CAS  PubMed  PubMed Central  Google Scholar 

  20. Minajigi A, et al. Chromosomes. A comprehensive Xist interactome reveals cohesin repulsion and an RNA-directed chromosome conformation. Science. 2015;349(6245).

  21. He C, et al. High-resolution mapping of RNA-binding regions in the nuclear proteome of embryonic stem cells. Mol Cell. 2016;64(2):416–30.

    CAS  PubMed  PubMed Central  Google Scholar 

  22. Underwood JG, et al. FragSeq: transcriptome-wide RNA structure probing using high-throughput sequencing. Nat Methods. 2010;7(12):995–1001.

    CAS  PubMed  PubMed Central  Google Scholar 

  23. Kertesz M, et al. Genome-wide measurement of RNA secondary structure in yeast. Nature. 2010;467(7311):103–7.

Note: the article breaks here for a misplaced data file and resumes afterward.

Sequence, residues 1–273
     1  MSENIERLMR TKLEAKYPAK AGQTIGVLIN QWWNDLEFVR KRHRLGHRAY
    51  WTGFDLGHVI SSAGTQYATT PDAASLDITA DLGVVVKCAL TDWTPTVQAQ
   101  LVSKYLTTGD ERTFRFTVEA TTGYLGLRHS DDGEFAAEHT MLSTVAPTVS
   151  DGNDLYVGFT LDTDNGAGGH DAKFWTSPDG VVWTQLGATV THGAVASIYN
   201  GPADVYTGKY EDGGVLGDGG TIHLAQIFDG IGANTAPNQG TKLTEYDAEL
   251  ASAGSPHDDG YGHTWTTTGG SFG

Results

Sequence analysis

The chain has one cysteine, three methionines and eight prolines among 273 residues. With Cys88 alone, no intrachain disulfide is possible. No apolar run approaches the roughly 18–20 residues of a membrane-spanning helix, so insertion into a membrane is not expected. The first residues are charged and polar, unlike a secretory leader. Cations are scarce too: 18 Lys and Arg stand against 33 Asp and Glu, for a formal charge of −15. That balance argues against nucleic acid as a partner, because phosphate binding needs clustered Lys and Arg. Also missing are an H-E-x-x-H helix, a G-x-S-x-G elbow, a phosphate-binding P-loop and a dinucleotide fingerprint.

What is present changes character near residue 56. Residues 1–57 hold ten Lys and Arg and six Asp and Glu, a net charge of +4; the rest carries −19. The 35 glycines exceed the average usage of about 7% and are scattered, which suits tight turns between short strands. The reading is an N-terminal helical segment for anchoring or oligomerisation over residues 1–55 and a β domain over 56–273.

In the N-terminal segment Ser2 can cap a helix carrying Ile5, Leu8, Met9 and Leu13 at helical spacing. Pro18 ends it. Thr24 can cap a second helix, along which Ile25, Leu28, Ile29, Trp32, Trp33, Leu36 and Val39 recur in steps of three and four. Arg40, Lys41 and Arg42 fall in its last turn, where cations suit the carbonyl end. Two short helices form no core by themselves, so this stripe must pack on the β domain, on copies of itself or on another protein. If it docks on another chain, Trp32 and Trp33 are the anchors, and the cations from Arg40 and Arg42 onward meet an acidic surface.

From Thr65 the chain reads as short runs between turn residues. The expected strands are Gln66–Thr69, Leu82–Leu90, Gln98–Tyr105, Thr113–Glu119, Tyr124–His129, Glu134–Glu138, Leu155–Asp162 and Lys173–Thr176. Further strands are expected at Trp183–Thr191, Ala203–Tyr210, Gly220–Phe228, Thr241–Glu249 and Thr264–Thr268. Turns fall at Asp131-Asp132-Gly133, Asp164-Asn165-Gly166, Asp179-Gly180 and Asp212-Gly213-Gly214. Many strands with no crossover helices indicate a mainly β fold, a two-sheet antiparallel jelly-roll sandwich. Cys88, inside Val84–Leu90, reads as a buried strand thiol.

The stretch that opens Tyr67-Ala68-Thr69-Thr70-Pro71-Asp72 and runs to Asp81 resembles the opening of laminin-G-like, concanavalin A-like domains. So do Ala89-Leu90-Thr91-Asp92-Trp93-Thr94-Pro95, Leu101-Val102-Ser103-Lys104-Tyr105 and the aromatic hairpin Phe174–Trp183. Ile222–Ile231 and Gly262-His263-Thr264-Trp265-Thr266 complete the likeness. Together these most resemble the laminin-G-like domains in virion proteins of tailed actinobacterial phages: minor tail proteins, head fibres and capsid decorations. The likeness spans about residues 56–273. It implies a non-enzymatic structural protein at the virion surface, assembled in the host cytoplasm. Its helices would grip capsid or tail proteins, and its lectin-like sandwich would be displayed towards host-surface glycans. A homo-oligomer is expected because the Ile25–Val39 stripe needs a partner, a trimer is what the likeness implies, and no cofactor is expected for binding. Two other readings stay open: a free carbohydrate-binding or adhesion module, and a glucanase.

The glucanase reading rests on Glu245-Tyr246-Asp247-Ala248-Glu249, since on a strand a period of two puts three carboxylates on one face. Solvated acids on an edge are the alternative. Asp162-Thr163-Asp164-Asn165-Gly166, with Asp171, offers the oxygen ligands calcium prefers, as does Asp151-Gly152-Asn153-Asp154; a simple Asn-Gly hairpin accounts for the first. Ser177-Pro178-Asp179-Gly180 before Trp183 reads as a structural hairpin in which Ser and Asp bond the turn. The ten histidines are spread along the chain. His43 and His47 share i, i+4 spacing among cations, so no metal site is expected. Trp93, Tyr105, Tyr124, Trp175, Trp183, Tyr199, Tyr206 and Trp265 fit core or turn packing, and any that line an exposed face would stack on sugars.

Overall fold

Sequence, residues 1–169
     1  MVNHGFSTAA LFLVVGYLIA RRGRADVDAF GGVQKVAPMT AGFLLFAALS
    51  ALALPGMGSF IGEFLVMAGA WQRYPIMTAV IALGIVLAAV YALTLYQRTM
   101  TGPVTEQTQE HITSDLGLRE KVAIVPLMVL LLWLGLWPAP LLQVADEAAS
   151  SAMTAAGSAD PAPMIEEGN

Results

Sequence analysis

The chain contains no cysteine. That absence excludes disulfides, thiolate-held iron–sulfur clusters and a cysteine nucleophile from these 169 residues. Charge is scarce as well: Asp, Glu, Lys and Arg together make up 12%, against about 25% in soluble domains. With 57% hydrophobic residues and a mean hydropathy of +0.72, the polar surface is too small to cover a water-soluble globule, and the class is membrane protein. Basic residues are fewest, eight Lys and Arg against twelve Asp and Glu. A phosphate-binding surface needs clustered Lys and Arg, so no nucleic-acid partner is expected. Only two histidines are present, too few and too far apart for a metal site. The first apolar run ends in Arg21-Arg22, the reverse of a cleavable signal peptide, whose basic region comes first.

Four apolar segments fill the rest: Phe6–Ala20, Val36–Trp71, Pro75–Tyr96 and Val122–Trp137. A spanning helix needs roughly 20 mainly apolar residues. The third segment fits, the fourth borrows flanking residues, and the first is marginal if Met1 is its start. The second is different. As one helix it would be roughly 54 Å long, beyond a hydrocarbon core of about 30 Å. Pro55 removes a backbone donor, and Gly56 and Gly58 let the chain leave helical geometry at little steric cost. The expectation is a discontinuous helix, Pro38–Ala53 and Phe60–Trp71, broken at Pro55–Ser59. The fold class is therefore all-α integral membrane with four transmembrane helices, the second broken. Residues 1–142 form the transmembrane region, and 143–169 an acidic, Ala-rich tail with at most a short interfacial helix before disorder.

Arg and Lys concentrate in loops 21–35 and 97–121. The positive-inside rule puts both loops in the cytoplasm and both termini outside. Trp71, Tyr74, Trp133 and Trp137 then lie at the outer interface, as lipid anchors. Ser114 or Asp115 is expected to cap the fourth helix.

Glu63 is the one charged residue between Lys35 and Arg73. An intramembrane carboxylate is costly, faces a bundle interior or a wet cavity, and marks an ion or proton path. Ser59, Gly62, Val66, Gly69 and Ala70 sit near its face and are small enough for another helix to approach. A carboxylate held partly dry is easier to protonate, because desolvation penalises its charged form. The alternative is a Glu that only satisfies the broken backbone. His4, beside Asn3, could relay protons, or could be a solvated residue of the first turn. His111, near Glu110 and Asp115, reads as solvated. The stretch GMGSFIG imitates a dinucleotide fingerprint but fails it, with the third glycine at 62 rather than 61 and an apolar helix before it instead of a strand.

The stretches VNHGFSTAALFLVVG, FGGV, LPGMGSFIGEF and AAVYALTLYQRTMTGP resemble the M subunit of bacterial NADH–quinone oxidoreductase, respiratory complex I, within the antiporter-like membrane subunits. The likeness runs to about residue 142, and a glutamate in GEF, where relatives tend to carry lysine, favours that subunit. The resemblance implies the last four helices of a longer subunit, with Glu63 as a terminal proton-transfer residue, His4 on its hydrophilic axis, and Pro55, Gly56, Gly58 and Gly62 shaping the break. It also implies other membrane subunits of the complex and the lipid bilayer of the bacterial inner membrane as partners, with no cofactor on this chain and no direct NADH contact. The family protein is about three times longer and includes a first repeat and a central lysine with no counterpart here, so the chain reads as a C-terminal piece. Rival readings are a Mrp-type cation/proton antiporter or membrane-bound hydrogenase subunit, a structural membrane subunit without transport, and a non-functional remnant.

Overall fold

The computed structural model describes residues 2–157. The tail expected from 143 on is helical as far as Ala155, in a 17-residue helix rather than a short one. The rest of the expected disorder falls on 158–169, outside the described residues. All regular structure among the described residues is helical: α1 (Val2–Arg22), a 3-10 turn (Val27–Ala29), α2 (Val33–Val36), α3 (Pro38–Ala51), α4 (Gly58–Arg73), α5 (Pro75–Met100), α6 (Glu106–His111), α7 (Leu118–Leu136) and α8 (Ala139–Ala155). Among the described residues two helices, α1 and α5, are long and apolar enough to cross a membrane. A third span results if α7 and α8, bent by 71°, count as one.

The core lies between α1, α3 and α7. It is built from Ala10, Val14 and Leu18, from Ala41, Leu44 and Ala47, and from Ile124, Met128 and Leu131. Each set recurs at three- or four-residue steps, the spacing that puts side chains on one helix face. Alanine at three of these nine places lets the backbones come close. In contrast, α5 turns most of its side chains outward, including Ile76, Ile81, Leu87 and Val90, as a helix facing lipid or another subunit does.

CAS  PubMed  Google Scholar 

  24. Lucks JB, et al. Multiplexed RNA structure characterization with selective 2′-hydroxyl acylation analyzed by primer extension sequencing (SHAPE-Seq). Proc Natl Acad Sci U S A. 2011;108(27):11063–8.

    CAS  PubMed  PubMed Central  Google Scholar 

  25. Mortimer SA, et al. SHAPE-Seq: high-throughput RNA structure analysis. Curr Protoc Chem Biol. 2012;4(4):275–97.

    PubMed  Google Scholar 

  26. Loughrey D, et al. SHAPE-Seq 2.0: systematic optimization and extension of high-throughput chemical probing of RNA secondary structure with next generation sequencing. Nucleic Acids Res. 2014;42(21).

  27. Spitale RC, et al. Structural imprints in vivo decode RNA regulatory mechanisms. Nature. 2015;519(7544):486–90.

    CAS  PubMed  PubMed Central  Google Scholar 

  28. Ding Y, et al. In vivo genome-wide profiling of RNA secondary structure reveals novel regulatory features. Nature. 2014;505(7485):696–700.

    CAS  PubMed  Google Scholar 

  29. Ziv O, et al. COMRADES determines in vivo RNA structures and interactions. Nat Methods. 2018;15(10):785–8.

    CAS  PubMed  PubMed Central  Google Scholar